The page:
Questions Linger as Sunil Gulati Refuses to Step Down
October 13, 2017
ONE OF THE FIRST STATEMENTS U.S. Soccer president Sunil Gulati made on his conference call with reporters on Friday was that he took “full responsibility” for the nightmarish disaster that had unfolded three days prior.
It sure did not sound like it, however.
Gulati spoke to reporters for almost on hour on Friday to talk about the direction and future of U.S. Soccer following the U.S. men’s national team’s elimination from World Cup Qualifying. He answered a stream of questions about what changes might be made to the program, mostly by saying that everything will be examined in the near future, but Gulati did not come off as someone who thought he was part of the problem.
He is wrong, of course, and you need to only look at the stagnation on the sporting side of U.S. Soccer in recent years for evidence of that—including the men's program's failure to reach several tournaments across different age groups. Like the 2011 Under-20 World Cup, or like the 2013 Under-17 World Cup, or like the 2012 and 2016 Olympics, or, most notably, like the 2018 World Cup.
Still, none of those damning realities stopped Gulati from doubling down by saying that he did not plan to resign.
“The first premise is not correct that most [federation presidents] around the world do that. Some do but it’s certainly not most,” Gulati when asked by American Soccer Now why he was not quitting. “We’ve got a lot of things on our agenda, including a World Cup bid that is due at the end of March and a decision in June, and so I don’t plan to [resign] and it’s not the case that most people around the world do do that.
“Most coaches do, but it’s not the case that most presidents do, and I’m not planning to.”
Gulati did not talk about whether he planned to run for reelection next February, stating that he would not make a decision for another few weeks. As with his mention of the timeline for the 2026 World Cup bid that he is spearheading, his responses to other questions seemed to reveal that he planned to stick around in his current capacity.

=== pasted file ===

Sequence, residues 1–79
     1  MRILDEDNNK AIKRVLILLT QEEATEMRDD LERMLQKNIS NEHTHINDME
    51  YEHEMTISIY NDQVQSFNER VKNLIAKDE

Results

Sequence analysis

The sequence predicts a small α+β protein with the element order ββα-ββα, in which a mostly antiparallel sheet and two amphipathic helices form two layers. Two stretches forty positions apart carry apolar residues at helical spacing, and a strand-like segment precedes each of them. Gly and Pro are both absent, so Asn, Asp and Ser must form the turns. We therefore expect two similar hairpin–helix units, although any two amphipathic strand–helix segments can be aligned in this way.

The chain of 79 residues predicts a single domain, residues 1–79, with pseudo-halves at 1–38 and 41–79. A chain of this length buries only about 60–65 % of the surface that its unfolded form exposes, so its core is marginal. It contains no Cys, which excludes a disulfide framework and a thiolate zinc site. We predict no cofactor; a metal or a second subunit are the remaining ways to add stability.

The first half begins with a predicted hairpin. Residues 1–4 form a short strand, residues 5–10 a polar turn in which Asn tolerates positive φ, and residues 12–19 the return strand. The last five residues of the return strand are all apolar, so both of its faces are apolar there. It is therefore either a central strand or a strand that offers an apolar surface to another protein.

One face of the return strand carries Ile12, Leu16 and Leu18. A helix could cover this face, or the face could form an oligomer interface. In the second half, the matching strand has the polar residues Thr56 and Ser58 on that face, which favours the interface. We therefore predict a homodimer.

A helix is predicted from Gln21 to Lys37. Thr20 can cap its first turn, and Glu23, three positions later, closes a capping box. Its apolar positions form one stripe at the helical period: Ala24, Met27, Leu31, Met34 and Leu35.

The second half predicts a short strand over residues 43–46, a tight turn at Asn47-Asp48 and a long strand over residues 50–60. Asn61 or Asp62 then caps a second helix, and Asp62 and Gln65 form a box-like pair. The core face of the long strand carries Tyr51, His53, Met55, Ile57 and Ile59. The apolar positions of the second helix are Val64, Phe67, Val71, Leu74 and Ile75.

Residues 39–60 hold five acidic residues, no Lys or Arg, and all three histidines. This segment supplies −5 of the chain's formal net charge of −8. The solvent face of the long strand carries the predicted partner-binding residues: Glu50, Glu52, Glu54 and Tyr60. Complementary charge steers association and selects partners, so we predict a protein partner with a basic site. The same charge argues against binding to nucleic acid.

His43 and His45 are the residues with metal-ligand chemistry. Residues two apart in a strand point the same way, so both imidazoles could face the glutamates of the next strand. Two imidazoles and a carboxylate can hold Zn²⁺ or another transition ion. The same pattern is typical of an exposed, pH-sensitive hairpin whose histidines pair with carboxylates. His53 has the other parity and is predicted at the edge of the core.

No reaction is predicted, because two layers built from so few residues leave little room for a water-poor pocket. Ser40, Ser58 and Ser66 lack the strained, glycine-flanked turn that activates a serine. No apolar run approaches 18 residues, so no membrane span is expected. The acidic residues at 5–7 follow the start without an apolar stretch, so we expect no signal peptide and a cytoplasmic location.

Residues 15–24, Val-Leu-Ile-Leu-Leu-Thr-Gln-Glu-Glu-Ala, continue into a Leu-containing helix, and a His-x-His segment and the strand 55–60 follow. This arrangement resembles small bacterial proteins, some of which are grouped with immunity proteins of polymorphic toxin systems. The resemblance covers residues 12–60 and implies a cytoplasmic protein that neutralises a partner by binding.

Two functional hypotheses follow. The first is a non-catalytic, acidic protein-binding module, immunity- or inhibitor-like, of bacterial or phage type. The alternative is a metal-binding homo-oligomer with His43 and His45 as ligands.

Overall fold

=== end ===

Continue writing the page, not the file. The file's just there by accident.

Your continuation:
In fact, he even confirmed that he recently had petitioned to voting delegates to appoint him for another term.
“Yes, I have reached out to people about endorsing me or nominating me in the last few weeks,” said Gulati.
That sentence will make U.S. fans seethe given the anger, frustration, and severe disappointment that is lingering following the 2-1 road loss to Trinidad & Tobago on Tuesday that shockingly ended the Americans’ 2018 World Cup dreams. Questions from supporters will also abound about the direction of the program after learning of Gulati's open lobbying for the position.
The fan base has every reason to be irate, skeptical, and critical. It is clear to most observers that change is needed in order to fix what is broken in the U.S. Soccer system, yet the person in charge of overseeing everything has made comments this week that speak to the contrary.
Gulati: “You don’t make wholesale changes on a ball being two inches wide or two inches in...We’ll look at everything.” #usmnt— Jeff Carlisle (@JeffreyCarlisle) October 11, 2017
Where does this arrogance originate? Could it be that Gulati is drunk with power and attempting to cling onto every last ounce of it for as long as he can? It sure seems that way. Gulati has been U.S. Soccer president since 2006, and has gained significant influence at the executive levels of the sport, as evidenced by his appointment as a FIFA council member in 2013.
It is probably tough to leave all that behind, especially if the final chapter of your legacy is going to be a failed World Cup Qualifying campaign. Head coach Bruce Arena might have to make peace with that—he resigned on Friday morning—but Gulati does not want to share that fate.
“I don’t judge Bruce’s record on this last game but the totality of everything he has done,” Gulati said when asked why he deserved to be in charge for four more years. “If I look at the totality of where we’ve come from and where the game is generally now with our professional leagues, with player development, with our economic resources—all of those things—those things didn’t happen overnight and they didn’t happen on their own, so I think you can look at all of that.
“I‘ll make a decision and voting delegates can make a decision.”
Gulati’s decision to seek reelection seems to be a foregone conclusion. He will more than likely run again for U.S. Soccer presidency next year because he deems his contributions to be more positive than negative.
It might be tough to find someone to agree with that stance right now, at least as far as the sporting side of U.S. Soccer goes, but Gulati is convinced he has done a good enough job.
“Because of everything: where the sport is now, and the role I’ve played it and the role I think I can play going forward if I choose to run,” said Gulati as to why he may want to run for reelection again. “Plus we have the World Cup bid. The sport is in a very, very different place than it was 10 years ago or 30 years ago when I first got involved so it’s all of that.”
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